The highly coveted Bent Chetler line of skis are a well-known offering from Atomic. Originally just a single big mountain freeride model, the Bent Chetler has since evolved into a full line for a broader range of skiers, including kids. In the 100-under-foot flavor, featured here, the Bent Chetler has found a new identity and purpose in providing a quiver-killing, all-mountain experience.
For winter 2018-2019, Atomic expanded the Bent Chetler line (formally just one big ol’ pow ski) into three models with the 100 positioned as a do-it-all quiver killer. Is this a new segment for Atomic? No … well, maybe. The 100s take inspiration from their bigger brother, the Bent Chetler 120. Atomic wanted to diversify the Bent Chetler line to accommodate a broader market of all-mountain skiers. While the skis take freeride cues from the 120, the 100s are also inspired by the previous Vantage 100 CTI (a personal favorite) and the Automatic/Backland 102. Atomic added bit more rocker, shape, and camber for a more lively feel on varying terrain. This results in a do-it-all design that is fascinating.
Initial Impressions and Notable Features
The standout feature has to be the HRZN Tech Tip & Tail. But what looks like a funky dished shape is actually a purpose-built design intended to dampen the tip and tail. This shape reduces deflection and improves tracking in a variety of conditions. Will you feel a demonstrable difference on snow? Maybe not. However, you will be able to point these skis in the direction you want to go, and they will stay on course regardless of the snow conditions.
I have used these skis at Park City Mountain and Deer Valley and have at least 15 days on them. On moderately steep to steep groomers, these skis feel powerful. With a proper tune, they flow from turn to turn effortlessly and provide a lot of energy out of the tail. In deeper snow and crud, they charge pretty well and are quite damp with not much noticeable chatter. If you can drive these skis, they have a fluid-like feel.
The 188 cm size I ski have a whopping 21-meter radius that requires some real pushing to drive the tip on a groomer or even in tight trees. I ended up mounting them one centimeter forward from Atomic’s recommendations for a bit of added leverage over the tip of the ski.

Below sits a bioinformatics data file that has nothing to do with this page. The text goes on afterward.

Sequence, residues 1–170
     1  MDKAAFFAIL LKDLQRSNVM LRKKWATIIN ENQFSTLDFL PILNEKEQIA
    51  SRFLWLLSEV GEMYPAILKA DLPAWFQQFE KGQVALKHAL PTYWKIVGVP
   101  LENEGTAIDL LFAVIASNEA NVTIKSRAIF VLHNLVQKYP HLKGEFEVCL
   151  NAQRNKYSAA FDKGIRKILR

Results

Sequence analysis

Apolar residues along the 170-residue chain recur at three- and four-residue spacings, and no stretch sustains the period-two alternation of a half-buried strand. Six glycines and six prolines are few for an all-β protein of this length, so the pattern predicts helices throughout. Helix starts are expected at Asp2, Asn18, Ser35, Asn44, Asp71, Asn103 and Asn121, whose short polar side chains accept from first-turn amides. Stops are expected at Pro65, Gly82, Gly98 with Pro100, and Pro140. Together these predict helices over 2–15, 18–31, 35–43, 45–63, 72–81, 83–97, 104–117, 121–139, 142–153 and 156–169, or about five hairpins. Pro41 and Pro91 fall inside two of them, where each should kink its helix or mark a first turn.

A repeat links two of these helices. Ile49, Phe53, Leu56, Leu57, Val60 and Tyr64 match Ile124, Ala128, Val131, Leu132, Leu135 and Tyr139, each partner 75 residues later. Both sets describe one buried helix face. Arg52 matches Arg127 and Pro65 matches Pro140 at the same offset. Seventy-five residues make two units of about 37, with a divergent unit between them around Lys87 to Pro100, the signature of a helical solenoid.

Drawbacks and Shortcomings
These skis are quite light. The 188 cm length came in at ~1830 grams using a rather suspect scale. However, other skis in the same category are in the 1900 – 2200 gram range according to my research. Is the lighter weight noticeable? Perhaps. Weight, however, is relative to the skier and there are other factors, such as how aggressive of a skier you are, that will determine the overall feel of the ski. I am by no means a Mikaela Shiffrin, but I did think the low weight could be hard to control in more dense, chopped snow. But hold the phone — these skis do have backcountry roots, and the low weight is much appreciated on the skin track. So for those who are making sidecountry laps or going on long tours, the Bent Chetler 100s could be what you’re looking for.
My personal goal was to find a ski that would make me a better skier. In my opinion, there are a lot of models out there that require an upright stance and utilize a dramatic rocker profile that make them pretty easy to ski. The Bent Chetler 100s are different in that they require a lot of energy to drive them — especially in the longer lengths.
If you’re an advanced-intermediate or expert skier that cruises the whole mountain and isn’t scared of being airborne or charging in choppy snow, you will love the power and liveliness of the Bent Chetler 100s. The camber and long radius make them a ski that requires a lot of pressure to push in and out of turns, but what you get out of that shape is energy and fun! Plus, it’s a twin tip. So park skiers rejoice, you can use them too!
By: Paul Boyle, Production Manager, jans.com